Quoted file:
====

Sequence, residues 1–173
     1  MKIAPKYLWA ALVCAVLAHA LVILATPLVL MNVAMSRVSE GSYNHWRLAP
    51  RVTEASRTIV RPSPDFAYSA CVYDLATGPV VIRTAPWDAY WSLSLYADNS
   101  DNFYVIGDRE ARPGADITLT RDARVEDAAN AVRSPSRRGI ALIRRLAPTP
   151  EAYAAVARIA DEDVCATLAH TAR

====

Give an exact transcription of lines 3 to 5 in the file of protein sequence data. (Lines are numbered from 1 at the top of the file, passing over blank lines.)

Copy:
    51  RVTEASRTIV RPSPDFAYSA CVYDLATGPV VIRTAPWDAY WSLSLYADNS
   101  DNFYVIGDRE ARPGADITLT RDARVEDAAN AVRSPSRRGI ALIRRLAPTP
   151  EAYAAVARIA DEDVCATLAH TAR